Outdoor Focus Winter 2017 - Page 7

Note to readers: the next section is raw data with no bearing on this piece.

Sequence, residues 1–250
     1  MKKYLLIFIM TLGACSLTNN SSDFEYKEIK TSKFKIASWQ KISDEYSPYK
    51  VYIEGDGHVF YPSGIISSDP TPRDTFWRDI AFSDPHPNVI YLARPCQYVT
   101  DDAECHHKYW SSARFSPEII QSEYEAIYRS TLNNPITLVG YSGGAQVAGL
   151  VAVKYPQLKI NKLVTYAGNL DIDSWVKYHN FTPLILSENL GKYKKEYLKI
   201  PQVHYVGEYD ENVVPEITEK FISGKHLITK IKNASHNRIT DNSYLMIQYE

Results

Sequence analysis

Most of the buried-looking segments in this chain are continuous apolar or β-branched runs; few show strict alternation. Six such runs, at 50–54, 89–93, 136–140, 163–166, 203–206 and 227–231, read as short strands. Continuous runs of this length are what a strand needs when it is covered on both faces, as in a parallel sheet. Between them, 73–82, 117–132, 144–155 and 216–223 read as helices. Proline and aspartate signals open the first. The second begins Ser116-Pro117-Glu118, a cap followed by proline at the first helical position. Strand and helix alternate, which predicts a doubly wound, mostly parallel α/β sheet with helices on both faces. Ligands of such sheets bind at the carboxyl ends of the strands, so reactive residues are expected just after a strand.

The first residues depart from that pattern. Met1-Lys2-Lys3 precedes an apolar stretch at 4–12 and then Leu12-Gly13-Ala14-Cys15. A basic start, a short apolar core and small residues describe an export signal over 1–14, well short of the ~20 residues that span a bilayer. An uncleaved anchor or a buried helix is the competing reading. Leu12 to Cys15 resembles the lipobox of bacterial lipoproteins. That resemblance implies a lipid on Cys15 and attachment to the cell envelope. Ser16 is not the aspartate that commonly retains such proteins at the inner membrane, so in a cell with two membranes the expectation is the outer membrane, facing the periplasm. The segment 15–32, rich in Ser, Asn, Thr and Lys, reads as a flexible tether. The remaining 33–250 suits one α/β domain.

and eventual marriage to Loreto, the widow of his old climbing friend and 1960s TV climbing spectacular producer, Ian McNaught-Davis, in 2016. In many ways, tragedy seems to have haunted Bonington’s long and active life. He writes movingly of his sense of personal responsibility for the loss of so many of his close friends, such as Ian Clough, Mick Burke, Nick Estcourt, Pete Boardman and Joe Tasker, all on expeditions which he led. He admits that writing the book was a challenging, introspective exercise, as he relived the joy and despair of a long life spent as Britain’s foremost ambassador of the great outdoors. BACK ROADS THROUGH MIDDLE ENGLAND Andrew Bibby Gritstone Publishing, £13.95 (pb) T he phrase “Middle England” has many meanings, the most common of which is probably as a socio-political term referring to white middle class people holding traditional conservative or right-wing views. But as the author explains in this delightfully-different travel book, his Middle England is “an altogether more complicated, and more contested, terrain.” He travelled, by bike on quiet country roads, the 430 miles along Prof WG Hoskin’s “great stone belt” of oolitic Jurassic limestone, through ten counties from Dorset to Humberside, trying to capture the modern-day essence of this essentially English landscape and its people. And he confirms at the end of his journey, during which he meets a variety of people ranging from plain-speaking Northamptonshire quarrymen to the chief executive of the Blenheim estate in Oxfordshire, that, despite some terrible road conditions, that the bicycle is the ideal mode of transport if you are not in a hurry. John Morrison’s excellent, though virtually unacknowledged, photographs illustrate his journey. Bibby’s eloquent literary companions on the eight-day journey include Edward Thomas, John Clare, Flora Thompson and the relatively unknown Dorset dialect poet William Barnes, all of whom add life and colour to this previously largely unheralded landscape. Despite its clumsy title – which makes it sound more like an AA motoring guide – this is a refreshingly different kind of travel book, not afraid to visit places where other guidebooks fear to tread. They include the former steel town of Corby, Chartist cottages near Witney, community- run village shops in North Cadbury and Collyweston, and an innovative social housing estate at Powerstock. It all fits in perfectly with the ethos of the publisher, the UK’s first authors’ publishing cooperative, and the author’s own passion for community-based social enterprise. THE MASTER PHOTOGRAPHER Bob Ryan Bourchier Books, £24.99 (pb) T here’s something strangely satisfying about taking apart a clockwork mechanism - a watch, for instance - to see how the various pieces all fit together. That satisfaction pales in comparison to the joy of successfully re-assembling the thing afterwards though, particularly if it also works more efficiently than it did previously. Bob Ryan’s new book, The Master Photographer: The Journey from Good to Great, invites and encourages you to try a similar tinkering with your photography skills. This is not a simple how-do-you- do-that photography book, filled with technical explanations readily found elsewhere. It’s a book that wants to push you from being merely a good photographer to becoming a great one. The main way to achieve this according to Ryan is to unlearn bad photographic habits and embrace your photographic intuition. To reinforce this message, Ryan writes about his own personal experience as a photographer, as well as presenting information gleaned from a variety of sources, including areas of academic study such as human psychology. (Though this does not mean that the book is a dry read, far from it). Once past the introduction, the first task presented in the book is the completion - as honestly as possible - of a downloadable personal scorecard. Once complete you are then free to work syst ematically through the rest the book, taking a series of exercises to chart your progress along the way. The ultimate aim is to reach the final chapter having learnt to trust your intuition in order to shoot more emotionally pleasing and compelling imagery. The Master Photographer is relatively text-heavy for a photography book, but it does cover a lot of of ground over its 139 pages. What photography there is is varied and relevent, and includes work by Ryan, as well as photographers such as Andy Beel and Alison Price. If you feel the need to improve your photography then reading Ryan’s book will be time well spent. On the subject of which, can anyone recommend a good watch repairer? David Taylor winter 2017 | Outdoor focus 7